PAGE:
Overlamping is one of those words you might find strange as a homeowner. But it’s really just a term for describing a common electrical occurrence. Overlamping means fitting a lower-wattage fixture with a light bulb that has a much higher-wattage.
An example of overlamping is placing a 100-watt light bulb on a 60-watt fixture. The implication of this is that the wires connected to the fixture can melt and lead to an electrical fire.
The danger of overlamping
When it comes to electricity there are several do’s and don’ts that help to secure your electrical safety. Overlamping is one of those things you shouldn’t do. When the wiring and socket insulation overheats and melts, it increases the probability of electrical arcs. Electrical arcs are sparks that jump in the air from one wire to another. The electrical arcs, in turn, cause electrical discharge which finally leads to house fires. If you stop the fire from happening or pull out the bulb, the damage will still be done, and the entire setup will need a replacement.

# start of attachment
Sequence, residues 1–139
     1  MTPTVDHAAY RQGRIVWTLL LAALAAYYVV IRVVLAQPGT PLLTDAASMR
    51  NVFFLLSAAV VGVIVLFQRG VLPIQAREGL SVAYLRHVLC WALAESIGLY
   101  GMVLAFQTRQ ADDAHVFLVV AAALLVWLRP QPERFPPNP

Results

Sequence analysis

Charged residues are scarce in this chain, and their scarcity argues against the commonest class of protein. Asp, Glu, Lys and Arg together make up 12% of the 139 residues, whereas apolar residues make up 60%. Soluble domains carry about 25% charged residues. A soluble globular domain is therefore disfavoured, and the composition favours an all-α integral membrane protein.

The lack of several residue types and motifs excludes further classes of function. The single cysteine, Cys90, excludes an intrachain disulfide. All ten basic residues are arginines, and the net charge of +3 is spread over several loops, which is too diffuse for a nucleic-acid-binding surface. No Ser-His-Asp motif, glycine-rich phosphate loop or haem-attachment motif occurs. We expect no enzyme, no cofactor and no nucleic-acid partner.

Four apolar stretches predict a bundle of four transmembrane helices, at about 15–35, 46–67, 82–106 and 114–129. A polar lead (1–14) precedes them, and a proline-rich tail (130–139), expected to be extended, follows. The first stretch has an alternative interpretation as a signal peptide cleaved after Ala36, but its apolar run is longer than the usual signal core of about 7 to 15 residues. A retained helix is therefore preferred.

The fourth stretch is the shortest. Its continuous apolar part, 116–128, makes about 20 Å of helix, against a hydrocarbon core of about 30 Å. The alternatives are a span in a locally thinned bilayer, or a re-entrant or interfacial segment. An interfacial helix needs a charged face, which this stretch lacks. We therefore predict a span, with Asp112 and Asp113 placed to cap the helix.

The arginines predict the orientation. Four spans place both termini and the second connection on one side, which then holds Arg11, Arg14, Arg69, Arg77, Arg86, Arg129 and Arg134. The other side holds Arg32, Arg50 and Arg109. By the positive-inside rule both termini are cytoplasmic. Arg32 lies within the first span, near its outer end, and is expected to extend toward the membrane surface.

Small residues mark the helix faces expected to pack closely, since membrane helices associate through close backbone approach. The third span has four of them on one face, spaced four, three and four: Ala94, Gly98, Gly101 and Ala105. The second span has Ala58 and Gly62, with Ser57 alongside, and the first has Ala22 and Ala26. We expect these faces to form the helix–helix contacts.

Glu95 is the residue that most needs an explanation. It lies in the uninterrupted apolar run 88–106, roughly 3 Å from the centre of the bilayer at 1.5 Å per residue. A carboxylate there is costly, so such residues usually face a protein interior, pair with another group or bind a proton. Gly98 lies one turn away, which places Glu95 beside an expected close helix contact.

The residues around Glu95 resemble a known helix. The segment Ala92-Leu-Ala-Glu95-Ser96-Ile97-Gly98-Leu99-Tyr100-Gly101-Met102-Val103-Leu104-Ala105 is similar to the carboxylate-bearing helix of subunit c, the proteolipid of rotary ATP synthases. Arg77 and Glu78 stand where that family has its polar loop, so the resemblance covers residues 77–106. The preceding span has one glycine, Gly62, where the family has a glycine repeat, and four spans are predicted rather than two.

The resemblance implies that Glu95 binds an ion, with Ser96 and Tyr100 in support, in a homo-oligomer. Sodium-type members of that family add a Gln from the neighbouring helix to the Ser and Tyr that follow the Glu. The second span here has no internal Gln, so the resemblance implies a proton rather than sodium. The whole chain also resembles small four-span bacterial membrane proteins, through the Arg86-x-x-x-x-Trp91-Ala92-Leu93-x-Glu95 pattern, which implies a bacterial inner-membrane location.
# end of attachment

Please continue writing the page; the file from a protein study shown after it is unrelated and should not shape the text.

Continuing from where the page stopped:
How to find the recommended wattage
The recommended wattage on every light fixture shows the amount of power the fixture is designed to take. Modern fixtures often disclose this wattage. Some use NMB or NM indicated on the jacket of the wire. The letter B, in NMB, tells you that the cable is rated to handle the maximum temperature of 194 degrees Fahrenheit. While NM shows that the maximum temperature the cable is rated for is 140 degrees Fahrenheit. In simpler terms, NMB rated fixtures can accommodate higher wattage bulbs.
Older fixtures hardly indicate the recommended wattage. In this situation, it’s better to stick with the average 60-watt bulbs or even lower.
How can you fix overlamping
When overlamping occurs and you stop the implications of a fire early enough, shut off the power to that fixture or area of the home and call an electrician. Our electrical technicians at The Electric Connection will arrive on time and provide a quality replacement service.